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ILAR J. 2003;44(2):96-104.

Models of focal cerebral ischemia in the nonhuman primate.

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Department of Molecular and Experimental Medicine, The Scripps Research Institute, La Jolla, CA, USA.


Ischemic stroke is a uniquely human disease syndrome. Models of focal cerebral ischemia developed in nonhuman primates provide clinically relevant platforms for investigating pathophysiological alterations associated with ischemic brain injury, microvascular responses, treatment responses, and clinically relevant outcomes that may be appropriate for ischemic stroke patients. A considerable number of advantages attend the use of nonhuman primate models in cerebral vascular research. Appropriate development of such models requires neurosurgical expertise to produce single or multiple vascular occlusions. A number of experimentally and clinically accessible outcomes can be measured, including neurological deficits, neuron injury, evidence of non-neuronal cell injury, infarction volume, real-time imaging of injury development, vascular responses, regional cerebral blood flow, microvascular events, the relation between neuron and vascular events, and behavioral outcomes. Nonhuman primate models of focal cerebral ischemia provide excellent opportunities for understanding the vascular and cellular pathophysiology of cerebral ischemic injury, which resembles human ischemic stroke, and the appropriate study of pharmacological interventions in a human relevant setting.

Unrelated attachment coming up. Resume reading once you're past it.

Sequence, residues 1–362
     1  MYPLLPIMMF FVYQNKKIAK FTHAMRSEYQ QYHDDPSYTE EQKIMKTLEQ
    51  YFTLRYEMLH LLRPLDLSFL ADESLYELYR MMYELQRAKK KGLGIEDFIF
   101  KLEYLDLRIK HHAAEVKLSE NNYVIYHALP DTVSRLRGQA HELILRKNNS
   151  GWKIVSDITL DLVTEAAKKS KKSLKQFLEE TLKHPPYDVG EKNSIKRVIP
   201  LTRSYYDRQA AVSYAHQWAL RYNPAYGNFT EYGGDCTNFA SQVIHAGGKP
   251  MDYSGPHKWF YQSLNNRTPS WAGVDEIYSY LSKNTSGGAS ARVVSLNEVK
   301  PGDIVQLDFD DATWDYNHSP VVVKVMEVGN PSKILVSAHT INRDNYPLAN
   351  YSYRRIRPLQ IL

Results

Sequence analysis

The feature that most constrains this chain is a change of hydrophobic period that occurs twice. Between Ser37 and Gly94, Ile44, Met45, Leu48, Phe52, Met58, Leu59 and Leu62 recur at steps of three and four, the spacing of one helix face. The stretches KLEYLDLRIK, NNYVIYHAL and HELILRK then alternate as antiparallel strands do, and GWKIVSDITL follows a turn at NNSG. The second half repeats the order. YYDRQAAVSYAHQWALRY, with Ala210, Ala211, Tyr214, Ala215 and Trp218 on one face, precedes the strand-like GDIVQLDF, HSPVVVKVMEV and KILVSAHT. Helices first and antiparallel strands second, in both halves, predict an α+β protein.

[Indexed for MEDLINE]

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